Published in Economic Development
Cornerstone Alliance’s new Move to Michigan campaign seeks to lure full-time residents to Berrien County with $15,000 and other incentives. Cornerstone Alliance’s new Move to Michigan campaign seeks to lure full-time residents to Berrien County with $15,000 and other incentives. SOURCE: MOVETOMICHIGAN.ORG

Hundreds apply for incentive program luring full-time residents to SW Michigan

BY Sunday, November 08, 2020 07:50pm

BENTON HARBOR — Berrien County economic development officials received more than 200 applications in the first week of a new program offering up to $15,000 and other incentives for people to move to the Southwest Michigan region.

The Move to Michigan program, which the county’s economic development organization Cornerstone Alliance launched in the last week of October, set an initial goal of attracting 25 new households to the county. The program is pitched as a way to lure pandemic-weary Chicago residents with more space and affordable property amid a mass work-from-home shift.

As of Nov. 2, Cornerstone received 205 applications from residents in 18 states. About half of the applicants are from Chicago.

“We talk a lot about incentives for companies (to move to the area) and then we talked about this approach that would instead recruit people,” said Cornerstone Alliance President Rob Cleveland. “At its core, economic development is about people. That’s ultimately how you build a community.”

The reception of the program has been “overwhelmingly positive” from community leaders and investors in Cornerstone Alliance, Cleveland said. 

The region has struggled for years with Berrien County’s aging population, said Dick Stauffer, supervisor of Lincoln Charter Township. Berrien County’s population declined 2.2 percent to 156,808 people from 2010 to 2019, according to U.S. Census data.

“It’s certainly a unique approach from an economic development standpoint and will be beneficial to the township,” Stauffer said. “Whenever you can draw new residents to your area, it’s a good thing. It is equivalent to recruiting a new company to the area.”

How it works

The Move to Michigan program seeks to attract full-time residents to Berrien County, where communities typically rely on summer tourism as an economic driver.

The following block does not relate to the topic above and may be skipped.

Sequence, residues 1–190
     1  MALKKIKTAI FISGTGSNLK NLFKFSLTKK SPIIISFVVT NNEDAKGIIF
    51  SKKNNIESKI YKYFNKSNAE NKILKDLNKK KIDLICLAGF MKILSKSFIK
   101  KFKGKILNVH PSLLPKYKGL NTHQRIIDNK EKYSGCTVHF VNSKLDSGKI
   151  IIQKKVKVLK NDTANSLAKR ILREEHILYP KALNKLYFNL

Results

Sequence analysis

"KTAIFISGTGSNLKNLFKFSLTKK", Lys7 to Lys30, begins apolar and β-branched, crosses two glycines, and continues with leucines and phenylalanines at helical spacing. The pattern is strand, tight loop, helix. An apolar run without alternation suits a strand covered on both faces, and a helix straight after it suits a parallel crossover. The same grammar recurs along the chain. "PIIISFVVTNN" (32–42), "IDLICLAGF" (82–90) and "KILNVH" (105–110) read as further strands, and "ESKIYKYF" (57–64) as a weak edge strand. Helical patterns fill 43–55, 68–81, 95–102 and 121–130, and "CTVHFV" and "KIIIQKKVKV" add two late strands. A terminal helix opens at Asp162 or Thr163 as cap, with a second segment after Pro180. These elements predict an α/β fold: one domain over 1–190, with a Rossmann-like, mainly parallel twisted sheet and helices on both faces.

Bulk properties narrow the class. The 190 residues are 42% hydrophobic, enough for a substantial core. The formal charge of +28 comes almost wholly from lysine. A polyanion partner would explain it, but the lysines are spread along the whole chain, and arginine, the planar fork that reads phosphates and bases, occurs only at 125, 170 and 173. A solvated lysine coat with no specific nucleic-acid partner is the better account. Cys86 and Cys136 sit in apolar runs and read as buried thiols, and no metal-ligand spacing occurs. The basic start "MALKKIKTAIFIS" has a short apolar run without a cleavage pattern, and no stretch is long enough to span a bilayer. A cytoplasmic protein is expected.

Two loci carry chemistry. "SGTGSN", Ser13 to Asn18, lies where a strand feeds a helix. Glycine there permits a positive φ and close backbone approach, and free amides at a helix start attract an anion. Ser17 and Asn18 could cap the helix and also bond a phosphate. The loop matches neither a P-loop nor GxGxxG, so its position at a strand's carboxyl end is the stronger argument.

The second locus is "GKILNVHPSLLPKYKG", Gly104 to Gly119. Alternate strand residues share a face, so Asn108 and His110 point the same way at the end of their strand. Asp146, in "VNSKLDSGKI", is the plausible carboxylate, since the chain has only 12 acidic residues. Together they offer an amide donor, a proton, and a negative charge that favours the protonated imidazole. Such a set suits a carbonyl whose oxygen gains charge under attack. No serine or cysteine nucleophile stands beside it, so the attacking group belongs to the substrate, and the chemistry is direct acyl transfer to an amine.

The program offers a $15,000 grant that is forgiven in $5,000 increments over three years. Applicants are required to purchase a home for at least $200,000 within four ZIP codes — 49022, 49085, 49103 and 49127. Applicants must be considered a full-time resident and prove they have full-time employment and are working remotely for a company outside of Southwest Michigan.

In addition to the cash, participants can also pick from annual rail ticket passes, various memberships and free access to co-working spaces and county parks.

“This is a creative approach and I think the area has a lot to offer because of the parks and that it’s close to Lake Michigan,” Stauffer said. “And the smaller community has real character.”

The program is funded by a prior Cornerstone real estate investment, Cleveland said. Based on the high demand that exceeds the amount of funding for the program, Cornerstone will set up a scoring system for applications. Cleveland said details of that process are still being worked out.

Following a trend

The program launched as Southwest Michigan’s real estate market booms, attracting homebuyers looking to retreat from the Chicago area. Realtors who work in the lakeshore community told MiBiz in September that 2020 was the busiest summer they have ever seen, and believed remote working was partly the reason for many people moving to the area. Crain’s Chicago Business has reported that home sales were up about 85 percent in the region for July and August compared to the year prior.

Integro Builders LLC moved its headquarters from Chicago to Southwest Michigan in Grand Junction in early October. Integro Builders CEO Allyson Case Anderson previously told MiBiz that people have been moving from Chicago to Michigan in increasing numbers this year because they want more space and flexibility. There is an “exodus coming from Illinois, particularly from the pandemic,” she said. 

The pandemic also has driven lakeshore communities like Saugatuck to focus more on attracting year-round residents as opposed to mostly relying on the summer tourism season.

“Our state is getting older and its population is decreasing,” Cleveland said. “We are trying to reverse those trends. We are competing in Michigan for everything. This program was intended to give us a competitive advantage over other areas where people are trying to move.” 

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